Everyone knows that enterprise software is an intensely competitive business. Today “Big Data” and “Analytics” are two of the hottest topics in organizations of any size and as companies race to invest in this new space, product managers must find ways to respond. The functionality of enterprise software products must be extended to include new analytic capabilities. While most product managers have already embedded business intelligence capabilities and up to date performance monitoring, the velocity, variety and volume of Big Data can overwhelm these traditional analytic approaches. Add the pressure to build software that responds in real-time and it should be clear that more advanced analytics are needed. Indeed I believe that the future belongs to product managers that can embed predictive analytic capabilities in their products, pushing beyond reporting and dashboards. In this series I am going to lay out a four step program for doing just that. But first, step 0: understanding the power of predictive analytics in software products.
A typical software product manages a lot of data. If customers have been using it for any length of time then it’s probably managing a lot of history. It manages years of transactions, changes, updates, customer additions and removals and much more. What it does not contain is any sense of the future. What these customers might do in the future, however, is uncertain. This uncertainty about the future limits what a product can do. Traditional reports and visualizations can help a user make predictions by helping them see patterns in the data. Yet humans struggle to consider how more than 5-10 pieces of data are varying over time. This is not a limitation in predictive analytic algorithms. As software products adapt to the world of Big Data, hundreds or thousands of pieces of data are becoming available. In these circumstances the ability of predictive analytic techniques to consider all these pieces of data to determine what matters most becomes critical.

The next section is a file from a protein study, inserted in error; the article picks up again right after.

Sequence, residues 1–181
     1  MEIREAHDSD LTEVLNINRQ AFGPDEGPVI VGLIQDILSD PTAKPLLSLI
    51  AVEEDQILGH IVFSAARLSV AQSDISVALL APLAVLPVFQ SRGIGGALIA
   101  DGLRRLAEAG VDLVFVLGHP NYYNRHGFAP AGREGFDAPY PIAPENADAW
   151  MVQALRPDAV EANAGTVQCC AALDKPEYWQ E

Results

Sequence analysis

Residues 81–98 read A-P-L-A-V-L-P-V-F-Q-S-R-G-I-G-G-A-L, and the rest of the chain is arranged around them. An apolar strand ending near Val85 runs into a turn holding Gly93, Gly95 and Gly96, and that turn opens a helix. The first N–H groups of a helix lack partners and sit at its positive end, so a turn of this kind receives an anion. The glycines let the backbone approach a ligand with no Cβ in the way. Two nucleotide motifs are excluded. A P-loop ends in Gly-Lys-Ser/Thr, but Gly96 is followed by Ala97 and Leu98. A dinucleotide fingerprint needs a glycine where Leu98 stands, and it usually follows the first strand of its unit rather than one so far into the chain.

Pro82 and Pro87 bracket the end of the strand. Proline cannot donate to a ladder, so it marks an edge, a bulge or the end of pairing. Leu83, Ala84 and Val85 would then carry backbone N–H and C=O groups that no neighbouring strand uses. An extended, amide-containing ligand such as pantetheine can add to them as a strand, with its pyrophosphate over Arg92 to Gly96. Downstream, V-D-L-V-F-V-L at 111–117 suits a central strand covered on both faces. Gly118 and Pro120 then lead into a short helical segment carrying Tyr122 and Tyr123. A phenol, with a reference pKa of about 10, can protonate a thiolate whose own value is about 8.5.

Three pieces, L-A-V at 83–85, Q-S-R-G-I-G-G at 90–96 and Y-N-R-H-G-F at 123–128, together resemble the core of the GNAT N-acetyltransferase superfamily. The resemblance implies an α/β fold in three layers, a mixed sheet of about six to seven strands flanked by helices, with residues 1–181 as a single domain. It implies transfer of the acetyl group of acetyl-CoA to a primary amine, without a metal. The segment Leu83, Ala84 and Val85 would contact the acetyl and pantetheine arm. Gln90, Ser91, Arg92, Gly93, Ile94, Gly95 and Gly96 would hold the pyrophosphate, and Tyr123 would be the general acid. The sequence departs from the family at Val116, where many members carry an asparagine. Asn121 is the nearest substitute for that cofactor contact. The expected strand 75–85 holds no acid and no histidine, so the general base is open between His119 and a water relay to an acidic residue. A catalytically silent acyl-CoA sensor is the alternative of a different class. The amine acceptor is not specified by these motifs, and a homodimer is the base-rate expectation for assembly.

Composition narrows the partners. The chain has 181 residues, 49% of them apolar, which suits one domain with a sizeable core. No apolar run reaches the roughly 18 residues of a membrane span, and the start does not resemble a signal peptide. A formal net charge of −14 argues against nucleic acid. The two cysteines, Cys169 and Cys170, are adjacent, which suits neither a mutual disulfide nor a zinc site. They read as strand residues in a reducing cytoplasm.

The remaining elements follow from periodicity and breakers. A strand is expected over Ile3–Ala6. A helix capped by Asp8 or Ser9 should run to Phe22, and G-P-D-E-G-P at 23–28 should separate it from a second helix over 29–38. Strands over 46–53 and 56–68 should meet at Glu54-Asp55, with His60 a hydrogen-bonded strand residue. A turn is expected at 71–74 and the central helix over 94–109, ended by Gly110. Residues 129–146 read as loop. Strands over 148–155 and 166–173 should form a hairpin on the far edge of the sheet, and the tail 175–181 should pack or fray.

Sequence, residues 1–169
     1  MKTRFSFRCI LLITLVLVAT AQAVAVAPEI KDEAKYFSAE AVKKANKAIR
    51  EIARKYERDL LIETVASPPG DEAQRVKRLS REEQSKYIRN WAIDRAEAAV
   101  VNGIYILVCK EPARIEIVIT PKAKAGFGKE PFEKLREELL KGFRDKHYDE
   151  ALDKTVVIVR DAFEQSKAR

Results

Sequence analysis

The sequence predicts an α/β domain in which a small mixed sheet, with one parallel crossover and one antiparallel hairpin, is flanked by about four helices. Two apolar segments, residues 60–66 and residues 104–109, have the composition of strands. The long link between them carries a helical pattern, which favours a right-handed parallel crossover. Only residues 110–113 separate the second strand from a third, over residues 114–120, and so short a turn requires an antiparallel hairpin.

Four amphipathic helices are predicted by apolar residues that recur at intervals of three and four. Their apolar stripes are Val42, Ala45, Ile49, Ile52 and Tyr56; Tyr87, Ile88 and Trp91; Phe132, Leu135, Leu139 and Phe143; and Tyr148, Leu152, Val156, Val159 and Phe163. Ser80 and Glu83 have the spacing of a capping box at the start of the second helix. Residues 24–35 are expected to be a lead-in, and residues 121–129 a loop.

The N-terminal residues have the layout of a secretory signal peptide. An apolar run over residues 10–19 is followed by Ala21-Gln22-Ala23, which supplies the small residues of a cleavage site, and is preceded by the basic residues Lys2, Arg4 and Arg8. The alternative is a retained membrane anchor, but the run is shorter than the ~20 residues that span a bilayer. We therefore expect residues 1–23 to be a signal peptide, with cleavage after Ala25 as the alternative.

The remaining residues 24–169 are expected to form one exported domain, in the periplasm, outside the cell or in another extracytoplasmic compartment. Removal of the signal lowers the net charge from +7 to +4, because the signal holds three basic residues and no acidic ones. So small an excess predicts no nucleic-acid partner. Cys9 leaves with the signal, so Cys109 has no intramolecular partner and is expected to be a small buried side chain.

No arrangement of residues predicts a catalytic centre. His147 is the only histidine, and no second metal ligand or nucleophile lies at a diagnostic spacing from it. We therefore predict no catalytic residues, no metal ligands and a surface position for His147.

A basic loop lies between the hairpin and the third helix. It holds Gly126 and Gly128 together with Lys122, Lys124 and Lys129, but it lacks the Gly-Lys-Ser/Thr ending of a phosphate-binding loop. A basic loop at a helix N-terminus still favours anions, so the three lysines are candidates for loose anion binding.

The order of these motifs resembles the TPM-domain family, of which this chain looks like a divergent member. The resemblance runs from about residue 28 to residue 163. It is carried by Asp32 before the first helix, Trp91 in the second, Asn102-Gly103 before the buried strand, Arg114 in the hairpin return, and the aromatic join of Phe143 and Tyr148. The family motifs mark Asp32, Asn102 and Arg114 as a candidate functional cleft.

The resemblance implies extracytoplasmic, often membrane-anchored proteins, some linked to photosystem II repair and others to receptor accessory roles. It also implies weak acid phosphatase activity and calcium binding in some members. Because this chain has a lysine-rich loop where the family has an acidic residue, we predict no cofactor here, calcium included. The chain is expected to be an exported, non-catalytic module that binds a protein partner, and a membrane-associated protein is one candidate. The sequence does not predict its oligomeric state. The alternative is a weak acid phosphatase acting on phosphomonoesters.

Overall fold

The value of eliminating uncertainty, or at least of replacing uncertainty with a probability, is that it improves the accuracy of decision-making. There’s no value to a software product delivering a prediction unless it improves a decision—simply knowing something is not enough, a decision to act based on that knowledge is required. If a software product is to be better than its competitors thanks to predictive analytics then it must use predictive analytics to improve decision-making. The question is how to go about this.
Next week: Focusing on decisions